A peninsula nation whose economy is powered by oil and natural gas, Qatar has been constructing what FIFA describes as "some of the most eco-friendly and architecturally advanced sporting facilities ever seen" ahead of the tournament.

When does the tournament take place?

The 2022 World Cup will be held from November 21 until December 18, with 64 matches played. The time frame has been slightly condensed because of the impact a winter World Cup will have on many of the world's domestic seasons.

The opening match takes place at Al Bayt Stadium on November 21, with the group stage finishing on December 2. The round of 16 begins the following day.

The quarter-finals will be held on December 9 and 10, with the semi-finals on December 13 (at Lusail Stadium) and December 14 (at Al Bayt Stadium).

The third-place play-off is on December 17 at Khalifa International Stadium, with the final on December 18 at Lusail Stadium.

 

What are the venues?

The tournament is being held across five city regions: Al Wakrah, Al Khor and Lusail contain one stadium each, with two in Al Rayyan and a further three in Doha.

The venues and their capacities are:

Al Rayyan
Ahmad Bin Ali Stadium: 44,000

Education City Stadium: 45,350

Al Khor
Al Bayt Stadium: 60,000

Al Wakrah
Al Janoub Stadium: 40,000

Doha
Al Thumama Stadium: 40,000

Ras Abu Aboud Stadium: 40,000

Khalifa International Stadium: 40,000

Lusail
Lusail Iconic Stadium: 80,000

 

 

Which teams have qualified?

At the moment, the following teams have qualified for the finals:

Qatar (automatically qualified as host nation)

Denmark

Germany

Brazil

France

Belgium

Croatia

Spain

Serbia

England

Switzerland

Netherlands

Argentina

 

Why is it controversial?

The bidding process for the hosting rights for the 2018 and 2022 World Cups has been beset by allegations of corruption.

Although a FIFA investigation cleared Qatar of wrongdoing, Swiss federal prosecutors opened criminal proceedings into the awarding of the two tournaments as part of a wider probe into alleged criminal activity concerning some former FIFA executives.

Concerns have also been raised about the treatment of migrant workers used in the massive construction projects for the tournament. Amnesty International said labourers in Qatar were subject to abuse, inhuman working conditions and little pay, describing "a playground for unscrupulous employers" in September 2019.

In response, Qatari authorities changed their employment law after entering a partnership with the UN's International Labour Organisation (ILO) aimed at reforming their labour policies. The introduction of a new minimum wage and a commitment to end the 'kafala' system, which made it impossible for workers to change jobs without their employer's permission, were welcomed by the ILO and Amnesty International.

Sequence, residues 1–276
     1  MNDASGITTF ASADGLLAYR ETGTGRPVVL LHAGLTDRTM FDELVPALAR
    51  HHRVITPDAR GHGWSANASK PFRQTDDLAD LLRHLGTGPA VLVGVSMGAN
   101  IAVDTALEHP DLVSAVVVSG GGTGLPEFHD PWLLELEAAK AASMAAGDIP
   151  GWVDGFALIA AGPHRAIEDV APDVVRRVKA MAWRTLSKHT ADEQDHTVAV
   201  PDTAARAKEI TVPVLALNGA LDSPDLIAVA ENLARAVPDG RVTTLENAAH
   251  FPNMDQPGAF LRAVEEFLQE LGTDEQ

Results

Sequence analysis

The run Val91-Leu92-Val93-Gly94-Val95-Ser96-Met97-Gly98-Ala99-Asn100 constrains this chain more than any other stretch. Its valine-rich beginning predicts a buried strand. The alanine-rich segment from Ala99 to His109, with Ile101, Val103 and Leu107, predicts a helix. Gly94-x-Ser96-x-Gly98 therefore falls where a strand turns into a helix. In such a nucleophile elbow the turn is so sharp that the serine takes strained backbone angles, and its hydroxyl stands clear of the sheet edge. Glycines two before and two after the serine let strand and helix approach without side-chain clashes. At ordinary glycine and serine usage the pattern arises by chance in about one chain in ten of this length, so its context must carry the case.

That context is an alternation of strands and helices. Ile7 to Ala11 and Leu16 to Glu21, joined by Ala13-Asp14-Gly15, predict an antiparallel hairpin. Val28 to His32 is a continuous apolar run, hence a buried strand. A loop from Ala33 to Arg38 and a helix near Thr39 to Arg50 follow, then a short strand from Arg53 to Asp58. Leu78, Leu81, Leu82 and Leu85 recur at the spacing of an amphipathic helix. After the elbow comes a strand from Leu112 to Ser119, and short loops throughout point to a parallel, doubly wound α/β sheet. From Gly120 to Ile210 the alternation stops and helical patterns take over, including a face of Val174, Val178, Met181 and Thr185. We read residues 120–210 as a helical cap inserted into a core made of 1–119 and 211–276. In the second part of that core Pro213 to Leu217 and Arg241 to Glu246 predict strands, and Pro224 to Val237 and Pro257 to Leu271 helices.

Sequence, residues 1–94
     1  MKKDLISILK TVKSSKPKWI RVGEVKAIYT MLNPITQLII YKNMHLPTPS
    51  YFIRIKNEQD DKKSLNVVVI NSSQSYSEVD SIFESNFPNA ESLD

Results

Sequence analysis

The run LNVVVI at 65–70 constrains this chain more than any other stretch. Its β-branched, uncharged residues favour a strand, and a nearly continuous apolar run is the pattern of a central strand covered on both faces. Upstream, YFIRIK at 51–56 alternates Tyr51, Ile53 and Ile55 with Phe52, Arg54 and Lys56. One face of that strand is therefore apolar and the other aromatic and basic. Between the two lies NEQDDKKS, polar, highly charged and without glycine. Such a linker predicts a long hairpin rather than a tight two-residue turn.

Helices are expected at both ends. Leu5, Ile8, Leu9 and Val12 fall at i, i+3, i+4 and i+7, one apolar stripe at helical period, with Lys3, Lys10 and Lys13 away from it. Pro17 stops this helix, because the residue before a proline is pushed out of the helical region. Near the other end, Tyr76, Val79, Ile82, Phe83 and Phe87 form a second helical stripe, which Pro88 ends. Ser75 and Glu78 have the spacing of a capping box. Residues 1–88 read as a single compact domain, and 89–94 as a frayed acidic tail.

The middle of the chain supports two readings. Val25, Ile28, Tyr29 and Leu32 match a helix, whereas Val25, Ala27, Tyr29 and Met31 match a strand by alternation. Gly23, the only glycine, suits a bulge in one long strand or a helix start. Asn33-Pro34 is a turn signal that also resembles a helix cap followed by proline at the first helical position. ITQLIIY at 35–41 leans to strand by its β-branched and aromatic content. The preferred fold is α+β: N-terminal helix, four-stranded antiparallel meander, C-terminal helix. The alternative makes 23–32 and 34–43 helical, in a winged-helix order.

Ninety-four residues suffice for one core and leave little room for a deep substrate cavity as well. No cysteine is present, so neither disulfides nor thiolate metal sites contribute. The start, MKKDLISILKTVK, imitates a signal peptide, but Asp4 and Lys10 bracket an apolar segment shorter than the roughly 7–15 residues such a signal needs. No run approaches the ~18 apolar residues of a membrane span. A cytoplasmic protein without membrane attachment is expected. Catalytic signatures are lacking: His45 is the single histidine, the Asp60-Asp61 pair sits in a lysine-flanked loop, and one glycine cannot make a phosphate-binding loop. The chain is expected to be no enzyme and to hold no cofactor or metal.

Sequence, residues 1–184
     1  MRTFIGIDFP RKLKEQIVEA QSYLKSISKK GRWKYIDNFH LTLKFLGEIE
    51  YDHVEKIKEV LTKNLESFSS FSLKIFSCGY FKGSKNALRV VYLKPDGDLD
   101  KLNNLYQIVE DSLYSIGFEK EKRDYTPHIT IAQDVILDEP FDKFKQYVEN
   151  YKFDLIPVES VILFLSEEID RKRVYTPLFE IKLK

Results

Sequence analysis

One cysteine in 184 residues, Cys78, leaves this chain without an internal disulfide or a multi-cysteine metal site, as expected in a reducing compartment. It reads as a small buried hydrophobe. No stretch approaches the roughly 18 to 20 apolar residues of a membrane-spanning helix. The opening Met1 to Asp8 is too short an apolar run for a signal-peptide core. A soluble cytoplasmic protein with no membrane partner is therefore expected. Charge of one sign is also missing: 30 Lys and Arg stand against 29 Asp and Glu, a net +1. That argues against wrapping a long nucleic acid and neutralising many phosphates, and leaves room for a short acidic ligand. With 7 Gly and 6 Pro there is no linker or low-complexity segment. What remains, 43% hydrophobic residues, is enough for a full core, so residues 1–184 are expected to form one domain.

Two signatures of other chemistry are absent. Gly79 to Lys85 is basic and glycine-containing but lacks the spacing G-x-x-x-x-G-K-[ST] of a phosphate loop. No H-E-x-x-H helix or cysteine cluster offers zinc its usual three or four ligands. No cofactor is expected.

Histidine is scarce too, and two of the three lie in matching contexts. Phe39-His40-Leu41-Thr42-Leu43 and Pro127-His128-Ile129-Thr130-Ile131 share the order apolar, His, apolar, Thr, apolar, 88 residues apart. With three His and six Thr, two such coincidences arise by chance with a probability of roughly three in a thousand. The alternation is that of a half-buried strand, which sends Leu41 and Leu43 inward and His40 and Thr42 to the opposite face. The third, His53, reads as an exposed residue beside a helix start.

The decision to stage the World Cup during the Northern Hemisphere's winter was taken due to the extreme heat common in summer in Qatar. However, moving the tournament to November and December, when the European club season is at its busiest, will create a knock-on effect for 2022-23.

The Premier League, for example, plans to take a seven-week break between November 13 and December 26 to accommodate the World Cup, while the Champions League final is set to be pushed back into June. There are concerns about the physical toll the prolonged season will have on players; Aston Villa chief executive Christian Purslow described it as a "crazy idea".

Oscar Tabarez has been sacked as Uruguay coach, ending his 15-year reign at the helm of the national team.

The 74-year-old returned for his second spell in charge of Uruguay in 2006 – having also been in the role between 1988-1990 – after La Celeste's failure to reach the World Cup that year.

He led them to fourth place at the 2010 World Cup and presided over success in the 2011 Copa America.

However, after losing their past four games in World Cup 2022 qualifying, including a 3-0 defeat in Bolivia on Tuesday, Tabarez has been dismissed with Uruguay sitting in seventh place with four wins from their 14 games (D4 L6).

With four games remaining, they are just one point off Colombia in the fourth and final automatic qualification spot, but the Uruguayan Football Association (AUF) has taken the decision to act now.

A statement released by the AUF on Friday said: "[This is] a difficult decision due to present circumstances, in a commitment to the future and the achievement of the results we all want.

"We express our respect and acknowledgment to [Tabarez's] professionalism and dedication for such a long process."

Tabarez boasts the records for most games (74, including play-offs) and most wins (31) as head coach in the history of South American World Cup qualifying.

During his first stint in charge of the national team, Tabarez took Uruguay to the 1990 World Cup, being eliminated in the round of 16 by hosts Italy.

After his re-appointment in 2006, the former Boca Juniors and Milan boss took his nation to a further three World Cups (2010, 2014 and 2018).